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Signing_of_Constitution_Chandler_Christy_smThe Constitutional Studies Center combines careful, objective scholarship into the original understanding of the Constitution with advocacy for human freedom under law. It produces books, issue papers, articles, and legal briefs reporting the results of its research. Since 2010, the Center has had enormous influence on constitutional law cases and commentary, but also on policy makers and grass roots activists. For example, the Center’s research findings galvanized the massive and growing “Article V” movement to restore constitutional limits on the federal government.

Latest Posts

  • Reining in Congress: An Enforceable Balanced Budget Amendment0

    • July 10, 2011

    There is growing sentiment that one or more constitutional amendments may be necessary to rein in the runaway Congress. The principal mechanism the Founders built into the Constitution for such contingencies is the procedure in Article V by which two thirds of the state legislatures force what the Constitution calls a “Convention for proposing Amendments.”  

  • The 1798 “Act for the Relief of Sick and Disabled Seamen:” Yet another “progessive” irrelevancy0

    • July 3, 2011

    As Tom Woods points out on his blog, advocates of Obamacare have dug up a 1798 federal  statute that, they say, shows that the original understanding of the Constitution is broad enough to authorize federal health care programs.  The statute authorized creation of federal hospitals for sailors. After I entered a brief response to his

  • Time Mag’s Constitutional Baby Babble0

    • June 26, 2011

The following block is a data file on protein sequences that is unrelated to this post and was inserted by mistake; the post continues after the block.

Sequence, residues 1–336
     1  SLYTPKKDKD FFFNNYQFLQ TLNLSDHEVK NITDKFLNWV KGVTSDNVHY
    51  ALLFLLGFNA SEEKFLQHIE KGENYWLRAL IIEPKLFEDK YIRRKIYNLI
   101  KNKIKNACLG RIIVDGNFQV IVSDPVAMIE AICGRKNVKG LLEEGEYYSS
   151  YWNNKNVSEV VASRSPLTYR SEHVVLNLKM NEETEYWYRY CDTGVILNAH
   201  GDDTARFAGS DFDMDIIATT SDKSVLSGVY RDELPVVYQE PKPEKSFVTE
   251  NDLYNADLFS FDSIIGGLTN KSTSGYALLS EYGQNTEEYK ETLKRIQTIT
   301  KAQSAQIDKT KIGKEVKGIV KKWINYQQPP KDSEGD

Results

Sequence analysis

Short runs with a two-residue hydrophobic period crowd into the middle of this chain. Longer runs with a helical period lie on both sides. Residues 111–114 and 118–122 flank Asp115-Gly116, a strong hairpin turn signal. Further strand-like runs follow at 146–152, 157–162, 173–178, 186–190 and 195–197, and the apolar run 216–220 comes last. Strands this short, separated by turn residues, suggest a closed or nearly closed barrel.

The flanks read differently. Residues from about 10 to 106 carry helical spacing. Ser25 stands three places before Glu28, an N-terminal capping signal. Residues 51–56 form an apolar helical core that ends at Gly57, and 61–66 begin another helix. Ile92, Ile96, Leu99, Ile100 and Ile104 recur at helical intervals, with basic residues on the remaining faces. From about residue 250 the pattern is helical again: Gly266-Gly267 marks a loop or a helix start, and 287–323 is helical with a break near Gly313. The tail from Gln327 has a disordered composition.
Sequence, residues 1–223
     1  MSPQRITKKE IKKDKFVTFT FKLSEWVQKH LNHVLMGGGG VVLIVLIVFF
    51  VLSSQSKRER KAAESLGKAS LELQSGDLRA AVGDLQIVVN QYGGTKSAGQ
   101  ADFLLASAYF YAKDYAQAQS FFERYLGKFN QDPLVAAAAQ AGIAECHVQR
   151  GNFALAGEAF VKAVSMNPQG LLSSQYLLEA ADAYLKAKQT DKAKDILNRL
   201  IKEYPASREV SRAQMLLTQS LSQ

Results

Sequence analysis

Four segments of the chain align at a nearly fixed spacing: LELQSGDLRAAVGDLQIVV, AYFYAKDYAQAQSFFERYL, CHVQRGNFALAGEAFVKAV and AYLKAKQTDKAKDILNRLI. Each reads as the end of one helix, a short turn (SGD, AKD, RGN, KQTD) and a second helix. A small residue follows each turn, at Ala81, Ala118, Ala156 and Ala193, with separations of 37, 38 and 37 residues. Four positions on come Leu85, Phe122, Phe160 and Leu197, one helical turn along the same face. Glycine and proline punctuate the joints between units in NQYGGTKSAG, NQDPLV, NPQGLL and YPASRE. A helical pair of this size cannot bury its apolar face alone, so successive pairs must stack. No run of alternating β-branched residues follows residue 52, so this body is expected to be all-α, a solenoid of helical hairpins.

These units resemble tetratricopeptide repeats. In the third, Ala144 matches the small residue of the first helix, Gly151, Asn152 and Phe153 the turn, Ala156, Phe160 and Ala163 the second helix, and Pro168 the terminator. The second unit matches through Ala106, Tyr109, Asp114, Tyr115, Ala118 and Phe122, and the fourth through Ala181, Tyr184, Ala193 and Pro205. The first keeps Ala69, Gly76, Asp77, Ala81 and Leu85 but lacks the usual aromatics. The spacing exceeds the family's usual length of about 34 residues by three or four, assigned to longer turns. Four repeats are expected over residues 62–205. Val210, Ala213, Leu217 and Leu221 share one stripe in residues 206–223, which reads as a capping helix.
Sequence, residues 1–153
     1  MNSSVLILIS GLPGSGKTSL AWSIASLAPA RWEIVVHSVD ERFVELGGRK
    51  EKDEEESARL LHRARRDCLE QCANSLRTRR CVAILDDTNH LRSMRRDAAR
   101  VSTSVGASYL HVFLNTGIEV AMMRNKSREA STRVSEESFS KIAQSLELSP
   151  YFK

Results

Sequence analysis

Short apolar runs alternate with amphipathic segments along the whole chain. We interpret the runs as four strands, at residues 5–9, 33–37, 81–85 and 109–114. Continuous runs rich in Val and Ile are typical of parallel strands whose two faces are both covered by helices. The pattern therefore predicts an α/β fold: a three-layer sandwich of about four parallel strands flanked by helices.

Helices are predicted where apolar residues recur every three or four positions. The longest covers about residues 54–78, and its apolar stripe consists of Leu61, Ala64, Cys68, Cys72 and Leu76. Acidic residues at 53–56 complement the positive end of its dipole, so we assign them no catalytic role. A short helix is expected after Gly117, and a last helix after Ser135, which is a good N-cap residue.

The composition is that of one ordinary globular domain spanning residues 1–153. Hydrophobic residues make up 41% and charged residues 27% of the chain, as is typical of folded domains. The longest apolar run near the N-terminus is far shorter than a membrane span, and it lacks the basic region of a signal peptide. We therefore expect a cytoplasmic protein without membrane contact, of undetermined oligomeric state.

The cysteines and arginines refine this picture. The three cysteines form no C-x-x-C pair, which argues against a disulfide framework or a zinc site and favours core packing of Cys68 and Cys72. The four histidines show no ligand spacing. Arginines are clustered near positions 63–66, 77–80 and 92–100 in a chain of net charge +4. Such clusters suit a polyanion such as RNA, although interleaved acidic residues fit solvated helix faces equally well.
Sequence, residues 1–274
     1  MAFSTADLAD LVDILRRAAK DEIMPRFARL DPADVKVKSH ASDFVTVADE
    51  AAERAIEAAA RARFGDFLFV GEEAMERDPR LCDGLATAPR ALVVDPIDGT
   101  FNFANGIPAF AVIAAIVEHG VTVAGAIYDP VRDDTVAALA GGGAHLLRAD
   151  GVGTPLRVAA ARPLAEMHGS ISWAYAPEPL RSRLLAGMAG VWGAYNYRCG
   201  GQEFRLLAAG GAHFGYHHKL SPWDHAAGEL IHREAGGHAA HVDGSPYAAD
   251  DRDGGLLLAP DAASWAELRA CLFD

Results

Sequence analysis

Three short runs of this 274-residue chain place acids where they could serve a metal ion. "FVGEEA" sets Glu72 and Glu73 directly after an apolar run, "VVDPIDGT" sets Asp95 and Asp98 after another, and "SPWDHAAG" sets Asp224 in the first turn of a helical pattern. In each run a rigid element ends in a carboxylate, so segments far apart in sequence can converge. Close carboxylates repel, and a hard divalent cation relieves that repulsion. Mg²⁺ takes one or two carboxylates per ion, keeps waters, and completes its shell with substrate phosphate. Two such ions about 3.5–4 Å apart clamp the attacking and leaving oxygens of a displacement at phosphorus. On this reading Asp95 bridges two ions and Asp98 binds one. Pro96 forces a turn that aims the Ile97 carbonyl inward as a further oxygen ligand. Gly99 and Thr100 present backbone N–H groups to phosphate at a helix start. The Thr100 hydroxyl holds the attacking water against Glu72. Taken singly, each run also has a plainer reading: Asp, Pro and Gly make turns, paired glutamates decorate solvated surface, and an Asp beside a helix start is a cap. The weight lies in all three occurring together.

Several readers sent me for comment a lengthy cover article in Time Magazine by managing editor Richard Stengel. Stengel’s piece is one result of new public interest in our Constitution and in “first principles”—interest that has forced political liberals (Stengel has been a paid Democratic activist) to think about the document’s real meaning.  Previously, of

  • A Victory for the Tenth Amendment in the Supreme Court0

    • June 20, 2011

    Two years ago, I posted an item on the Tenth Amendment Center website entitled, “It’s the People’s Right.” My point was that federalism was not created primarily for the benefit of the states or state officials, but for the protection of individual liberty. I didn’t invent this argument—many others have recognized that it is the

  • More evidence the Constitution limited federal power0

    • June 19, 2011

    In my last post I showed how pre-Revolutionary colonial pamphlets espousing the American cause tend to rebut a favorite theory of some “progressive” writers—that the Constitution granted Congress almost complete power over all activities with interstate effects. Surprisingly, most delegates to the 1787 constitutional convention initially favored a central government nearly that powerful. They would

  • How Pre-Revolution Pamphlets Help Show that a Key “Progressive” Constitutional Theory Is Wrong0

    • June 12, 2011

    Writers on the Constitution frequently overlook valuable aids to interpreting the document. I previously have mentioned the example of eighteenth-century law books. Also largely neglected are the pre-Revolutionary pamphlets written by Americans defending their colonies against British overreaching. (For an article on constitutional sources, click here.) These pamphlets were composed from 1763 until the outbreak


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Rob Natelson, Senior Fellow, Constitutional Jurisprudence
Email: rob.natelson1@gmail.com
Phone: 303-279-6536, ext 114